Zuckerberg and Other Business Leaders Can't Get Trump to Keep DACA Immigration Program, Because He Doesn't Listen

Mark Zuckerberg
Facebook CEO Mark Zuckerberg at the Allen & Co. Sun Valley Conference in Sun Valley, Idaho, on July 14. Drew Angerer/Getty Images

Even though a slew of prominent business leaders is urging President Trump not to dismantle a program that allows brought children brought to the U.S. as undocumented immigrants to remain here, they're unlikely to prevail as the president approaches a deadline on whether to reverse the Obama-era policy. The reason? Because the president tends to bristle when given such advice.

Fwd.us, a pro-immigration advocacy group whose founders include Facebook CEO Mark Zuckerberg, has organized a letter to the president, signed by hundreds of prominent business leaders, urging him to keep the Deferred Action for Childhood Arrivals (DACA) policy in place. The policy was established by the Obama administration in 2012 so some undocumented individuals who entered the country before the age of 16 could remain in the U.S.

Related: 'Dreamers' fear Trump's immigration pon DACA's fifth anniversary

President Trump is reportedly ready to scrap the DACA program as soon as next week, as part of his crackdown on undocumented immigrants. But the president has also expressed some sympathy with the plight of the so-called Dreamers, undocumented immigrants who were brought to the U.S. as children. This week, White House Press Secretary Sarah Huckabee Sanders said the president had yet to make a decision on DACA.

Hundreds of business executives—from Apple, Facebook, Microsoft, Amazon and other companies, and including such well known names as Zuckerberg and Amazon Chairman and CEO Jeff Bezos—signed the letter, which made the case that nearly 800,000 young people are "Dreamers," 97 percent of whom are in school or in the workforce.

At least 72 percent of the Fortune 500's top 25 companies count DACA recipients among their employees, the letter said. "Dreamers are vital to the future of our companies and our economy," the executives wrote.

The letter claimed their forced deportation would take $460.3 billion from the national GDP and $24.6 billion in Social Security and Medicare tax contributions.

History shows that Trump is unlikely to be persuaded by such arguments. A similarly impressive group of private sector leaders fought to persuade Trump to keep the U.S. in the Paris climate accords. They, too, fired off letters and penned editorials, marshalling their arguments. Ultimately, they proved unpersuasive, as earlier this year, in a Rose Garden ceremony, Trump announced that the U.S. was withdrawing from the accords—joining Syria and Nicaragua as the only nations unwilling to take part in the historic framework.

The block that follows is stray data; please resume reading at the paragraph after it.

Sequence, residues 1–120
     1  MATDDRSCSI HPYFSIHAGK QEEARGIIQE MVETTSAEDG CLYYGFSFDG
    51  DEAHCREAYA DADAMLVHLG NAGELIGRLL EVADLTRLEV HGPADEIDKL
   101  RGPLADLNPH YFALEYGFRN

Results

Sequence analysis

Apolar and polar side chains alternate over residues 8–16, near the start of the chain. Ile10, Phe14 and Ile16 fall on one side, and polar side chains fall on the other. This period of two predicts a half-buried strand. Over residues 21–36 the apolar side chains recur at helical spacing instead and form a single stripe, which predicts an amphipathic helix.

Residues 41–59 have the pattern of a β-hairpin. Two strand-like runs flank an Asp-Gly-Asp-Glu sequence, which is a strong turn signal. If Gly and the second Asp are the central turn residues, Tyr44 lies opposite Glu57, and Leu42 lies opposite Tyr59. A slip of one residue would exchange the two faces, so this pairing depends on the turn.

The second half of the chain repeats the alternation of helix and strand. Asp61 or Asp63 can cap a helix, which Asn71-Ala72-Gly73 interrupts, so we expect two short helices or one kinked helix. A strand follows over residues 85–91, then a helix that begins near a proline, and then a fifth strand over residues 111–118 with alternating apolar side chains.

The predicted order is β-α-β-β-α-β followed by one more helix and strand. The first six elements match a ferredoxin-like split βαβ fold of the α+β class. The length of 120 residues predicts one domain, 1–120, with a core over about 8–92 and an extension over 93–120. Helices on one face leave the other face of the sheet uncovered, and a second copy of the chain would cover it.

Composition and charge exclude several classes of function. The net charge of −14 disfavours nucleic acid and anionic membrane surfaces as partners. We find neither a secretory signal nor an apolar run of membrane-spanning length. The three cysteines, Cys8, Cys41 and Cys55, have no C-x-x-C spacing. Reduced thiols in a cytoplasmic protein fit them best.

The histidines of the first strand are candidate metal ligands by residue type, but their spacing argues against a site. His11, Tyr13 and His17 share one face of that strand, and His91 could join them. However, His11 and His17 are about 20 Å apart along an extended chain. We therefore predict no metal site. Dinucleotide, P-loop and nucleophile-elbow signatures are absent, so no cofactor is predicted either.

While it's true that the Trump administration is business-friendly and is staffed at its upper echelons by wealthy businessmen, including billionaires such as Treasury Secretary Steve Mnuchin, Commerce Secretary Wilbur Ross and the president himself, such public campaigns aimed at leading the president to abandon previously held positions seem to have backfired.

It's possible, now that Steve Bannon, the president's nationalist former senior adviser, is no longer working in the White House, mainstream business leader may have more luck persuading Trump to reverse his positions on issues like immigration, trade and climate change. But the president still listens to Bannon, and is reportedly chafing under the management discipline being imposed by new White House Chief of Staff John Kelly, who shepherded Bannon's ouster. If that's the case, a well-crafted letter signed by respectable business leaders may have the opposite effect than intended, galvanizing the president's inchoate sentiments and pushing him to abolish the DACA program.

Business leaders seemed to have more success with a low-key effort to keep the president from withdrawing from the NAFTA accords. While Trump campaigned for president in part by vowing to scrub the North American Free Trade Agreement, calling it a "horrible" deal for the U.S., once in office he refrained from doing so. His position now is that the U.S. will remain in the accord negotiated by the George H.W. Bush White House and signed in 1993 by President Bill Clinton while it attempts to renegotiate the agreement. Trump said at political rallies in Phoenix and in West Virginia last month that he did not think the NAFTA negotiations would bear fruit and that he would likely scrap the accord in the end, but remaining in it for now allows business leaders to breathe some relief.

Similarly, while Trump vowed this summer to expel all transgender service members from the Armed Forces, cooler heads seem to have prevailed. After surprising the Pentagon by tweeting his transgender opposition, Trump eventually handed over the issue to Secretary of Defense James Mattis, who is studying the transgender issue and vows no service member will be expelled while the case is under review. That's hardly a win for transgender advocates or the wide spectrum of political leaders—including prominent Republicans such as Senator Orrin Hatch of Utah—who criticized Trump's transgender tweets, but it at least delayed any expulsion and quite possible will prevent it altogether.

Had advocates urged further study of the DACA issue, such as passing it along to the Department of Homeland Security for further review, instead of simply pressuring Trump to give in to their demands, they might have stood a better chance of prevailing.​